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nogin

Should "trusted" hosts be reported

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Should "trusted" hosts be reported and still count against the BL?

In the new mailhost system, if the relay IP is considered trusted, then the IP is not reported and the spam report is not counted towards BL listing for that IP. Im my opinion this is putting too much trust in these "trusted" hosts. Please consider splitting the "trusted" flag into three separate ones:

  • "The host is trusted to record the originating IP correctly". When the flag is set, then consider the "received from" IP in the "Received" line reported by the host for reporting in addition to the host's own IP.
  • "The host is trusted to filter its own incoming truffic via the SpamCop BL". When the flag is set, it is safe not to count the spam towards the BL listing. Without such flag, the stats should be recorded - if the host relays too much spam to other ISPs, it deserves to be listed in BL.
  • "The host should not get reports for spam it relays". Unless this flag is set, the IP owners should get reports for the spam they relayed to other ISPs (possibly leading to more than one IP reported per spam, which is IMHO OK). Unless they explicitly request it, this flag should never be set for mail servers that authenticate their clients (such as webmail servers) as they could have enough information to shut down the spammer themselves.

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Should "trusted" hosts be reported and still count against the BL?

In the new mailhost system, if the relay IP is considered trusted, then the IP is not reported and the spam report is not counted towards BL listing for that IP. Im my opinion this is putting too much trust in these "trusted" hosts. Please consider splitting the "trusted" flag into three separate ones:

  •    
  • "The host is trusted to record the originating IP correctly". When the flag is set, then consider the "received from" IP in the "Received" line reported by the host for reporting in addition to the host's own IP.
       
  • "The host is trusted to filter its own incoming truffic via the SpamCop BL". When the flag is set, it is safe not to count the spam towards the BL listing. Without such flag, the stats should be recorded - if the host relays too much spam to other ISPs, it deserves to be listed in BL.
       
  • "The host should not get reports for spam it relays". Unless this flag is set, the IP owners should get reports for the spam they relayed to other ISPs (possibly leading to more than one IP reported per spam, which is IMHO OK). Unless they explicitly request it, this flag should never be set for mail servers that authenticate their clients (such as webmail servers) as they could have enough information to shut down the spammer themselves.

I don't agree, and here is why:

My own ISP has an optional spam-filtering option, which, if set, removes any email "detected as spam" before the user sees it. Since I am one of those who prefer a few false negatives to even a single false positive, I have intentionally turned that option off on my accounts, and I do my own filtering on incoming mail, using the SCBL and several others, and diverting rather than refusing. Some emails (e.g. those addressed "To" a ML to which I am subscribed) are re-directed away from the "spam" folder by a mail-client "rule" whether or not my spam filter has marked them as "probable spam". Thus, on the mail I get, my ISP does (if it obeys my settings) no spam filtering whatsoever; nevertheless, I don't want to see it listed for having relayed spam to me. I prefer to get all my mail, sort it myself into legit (unlisted), spam (listed), spam (not yet listed = false negative) and legit (but listed = false positive), so I can (-a-) get my legit mail even if listed, and (-b-) report false negatives immediately (by web) to put them on the list, and also the listed spam if and when I have time (by mail) to keep it on the list.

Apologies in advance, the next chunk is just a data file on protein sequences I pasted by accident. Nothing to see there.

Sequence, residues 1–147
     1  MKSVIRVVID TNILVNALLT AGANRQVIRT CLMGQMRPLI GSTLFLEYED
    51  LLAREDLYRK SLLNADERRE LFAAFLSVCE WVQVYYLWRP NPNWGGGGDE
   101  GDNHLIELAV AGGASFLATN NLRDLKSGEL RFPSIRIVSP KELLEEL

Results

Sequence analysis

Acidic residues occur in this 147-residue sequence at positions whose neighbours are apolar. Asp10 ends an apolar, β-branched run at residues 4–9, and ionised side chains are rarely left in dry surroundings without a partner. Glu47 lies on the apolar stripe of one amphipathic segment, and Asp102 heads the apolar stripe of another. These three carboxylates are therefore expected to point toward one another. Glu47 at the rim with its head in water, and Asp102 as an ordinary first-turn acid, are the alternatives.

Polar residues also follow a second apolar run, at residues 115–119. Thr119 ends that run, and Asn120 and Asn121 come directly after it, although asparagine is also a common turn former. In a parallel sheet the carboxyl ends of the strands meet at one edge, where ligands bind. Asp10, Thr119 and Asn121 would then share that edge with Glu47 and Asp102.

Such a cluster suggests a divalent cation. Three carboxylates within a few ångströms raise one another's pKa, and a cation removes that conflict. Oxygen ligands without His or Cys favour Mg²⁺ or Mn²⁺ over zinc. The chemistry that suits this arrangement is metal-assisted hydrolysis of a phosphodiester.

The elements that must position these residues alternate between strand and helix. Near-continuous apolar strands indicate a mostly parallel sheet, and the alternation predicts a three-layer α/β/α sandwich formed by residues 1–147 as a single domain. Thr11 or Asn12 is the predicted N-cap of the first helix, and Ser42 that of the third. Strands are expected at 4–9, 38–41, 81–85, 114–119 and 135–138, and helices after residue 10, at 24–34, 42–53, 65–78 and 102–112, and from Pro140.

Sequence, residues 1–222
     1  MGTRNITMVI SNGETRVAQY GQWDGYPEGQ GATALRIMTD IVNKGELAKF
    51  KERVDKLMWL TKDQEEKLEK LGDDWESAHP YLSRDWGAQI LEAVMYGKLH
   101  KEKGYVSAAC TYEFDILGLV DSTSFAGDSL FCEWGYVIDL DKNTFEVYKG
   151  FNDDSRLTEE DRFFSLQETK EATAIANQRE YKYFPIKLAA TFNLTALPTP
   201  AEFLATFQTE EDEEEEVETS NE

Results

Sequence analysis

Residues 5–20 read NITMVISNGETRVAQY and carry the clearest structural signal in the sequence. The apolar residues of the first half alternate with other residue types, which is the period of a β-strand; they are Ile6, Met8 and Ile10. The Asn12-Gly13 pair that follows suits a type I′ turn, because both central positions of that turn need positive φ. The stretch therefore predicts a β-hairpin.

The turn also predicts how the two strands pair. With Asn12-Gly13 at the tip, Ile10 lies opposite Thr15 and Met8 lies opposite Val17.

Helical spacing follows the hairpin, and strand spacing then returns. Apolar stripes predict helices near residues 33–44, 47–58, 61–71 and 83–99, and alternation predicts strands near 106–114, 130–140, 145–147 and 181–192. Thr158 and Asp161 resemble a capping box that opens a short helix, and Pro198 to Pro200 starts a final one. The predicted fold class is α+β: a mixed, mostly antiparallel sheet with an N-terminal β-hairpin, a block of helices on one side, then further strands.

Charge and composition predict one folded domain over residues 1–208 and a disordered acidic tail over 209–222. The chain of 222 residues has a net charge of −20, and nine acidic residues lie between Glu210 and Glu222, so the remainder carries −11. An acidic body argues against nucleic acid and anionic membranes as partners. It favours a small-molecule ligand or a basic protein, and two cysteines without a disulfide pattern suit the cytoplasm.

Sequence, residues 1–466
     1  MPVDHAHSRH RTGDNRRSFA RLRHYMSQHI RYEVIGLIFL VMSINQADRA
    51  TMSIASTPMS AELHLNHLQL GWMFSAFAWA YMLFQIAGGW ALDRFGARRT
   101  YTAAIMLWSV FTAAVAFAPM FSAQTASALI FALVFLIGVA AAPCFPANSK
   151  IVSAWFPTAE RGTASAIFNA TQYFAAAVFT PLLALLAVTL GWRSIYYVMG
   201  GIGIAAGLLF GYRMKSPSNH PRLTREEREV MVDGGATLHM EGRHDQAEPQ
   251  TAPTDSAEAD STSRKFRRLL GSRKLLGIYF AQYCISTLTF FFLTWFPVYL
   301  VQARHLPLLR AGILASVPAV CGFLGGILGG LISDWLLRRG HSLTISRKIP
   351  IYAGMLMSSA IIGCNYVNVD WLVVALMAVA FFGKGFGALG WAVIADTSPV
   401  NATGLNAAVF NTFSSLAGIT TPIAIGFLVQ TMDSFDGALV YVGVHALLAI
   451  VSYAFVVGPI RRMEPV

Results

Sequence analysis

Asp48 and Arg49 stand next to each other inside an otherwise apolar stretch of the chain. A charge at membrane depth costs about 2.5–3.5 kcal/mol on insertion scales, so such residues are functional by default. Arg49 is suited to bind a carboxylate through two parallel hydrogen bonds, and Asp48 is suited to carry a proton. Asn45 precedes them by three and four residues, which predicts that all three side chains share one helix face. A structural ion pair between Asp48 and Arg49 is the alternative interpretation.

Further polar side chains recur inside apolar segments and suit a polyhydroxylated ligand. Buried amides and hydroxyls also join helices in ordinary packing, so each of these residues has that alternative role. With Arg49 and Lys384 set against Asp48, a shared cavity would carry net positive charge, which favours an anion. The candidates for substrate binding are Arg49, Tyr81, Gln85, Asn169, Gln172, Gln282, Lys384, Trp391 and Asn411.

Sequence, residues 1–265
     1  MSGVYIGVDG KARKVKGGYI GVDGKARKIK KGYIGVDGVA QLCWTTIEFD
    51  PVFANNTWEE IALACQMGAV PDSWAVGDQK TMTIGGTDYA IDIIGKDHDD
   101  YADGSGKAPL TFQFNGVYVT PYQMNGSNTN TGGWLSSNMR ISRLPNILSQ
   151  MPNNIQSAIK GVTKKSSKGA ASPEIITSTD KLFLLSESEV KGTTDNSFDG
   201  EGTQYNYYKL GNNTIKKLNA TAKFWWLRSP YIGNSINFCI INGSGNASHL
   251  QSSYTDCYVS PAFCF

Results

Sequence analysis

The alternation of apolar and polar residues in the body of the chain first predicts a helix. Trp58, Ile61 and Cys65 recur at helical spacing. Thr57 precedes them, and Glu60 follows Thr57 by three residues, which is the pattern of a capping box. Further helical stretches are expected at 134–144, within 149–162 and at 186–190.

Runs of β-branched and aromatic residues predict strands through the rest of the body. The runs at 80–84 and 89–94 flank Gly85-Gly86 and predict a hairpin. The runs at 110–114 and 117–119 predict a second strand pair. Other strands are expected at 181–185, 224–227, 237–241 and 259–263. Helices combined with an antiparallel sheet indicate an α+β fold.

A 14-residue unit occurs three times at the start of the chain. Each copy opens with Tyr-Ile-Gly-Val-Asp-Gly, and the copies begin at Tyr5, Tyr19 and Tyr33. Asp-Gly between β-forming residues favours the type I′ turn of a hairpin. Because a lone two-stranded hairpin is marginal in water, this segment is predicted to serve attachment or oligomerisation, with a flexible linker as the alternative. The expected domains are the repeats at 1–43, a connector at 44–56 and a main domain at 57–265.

[...]

But that isn't the point of this message... I want to make a suggestion...

On the 'technical details' page, next to the bit where it says "untrusted relay - not trusting anything beyond this point" (or words to that effect), why not simply place a hyperlink that says "actually, I DO trust this relay".

Then, we can click on that link and add the host that way.

Or is this just not feasible for technical reasons beyond my humble comprehension?

Hm... It does have pros and cons (the "cons" being related to the possibility that clueless users might click it indiscriminately and add to their mailhost list a number of hosts which don't belong there.)

Last week I had a similar suggestion, but I made it by private mail to Ellen & Julian. The idea was similar, but with a slight variation.

I suggested that, in the cases when the parser now says "You haven't completed your configuration", a set of radio buttons be added after the jump-to point of the "Skip to reports" link, maybe something like this:

"blah-blah-blah.hotmail.com" is trusted but not configured.

Does it belong to your own ISP ?

( ) Yes ( ) No (x) Don't know

  • "Yes" would add it to the user's mailhosts immediately.
  • "No" would accept the recived-line (as it does now), not add the unconfigured trusted host to the user's mailhosts, and avoid the scolding line "You haven't completed your configuration"
  • "Don't know" would produce a message at the top of the "Reports sent" page, with a wording maybe "softer" than it is now, let's say:
    Your mailhosts configuration seems incomplete. Please reconfigure.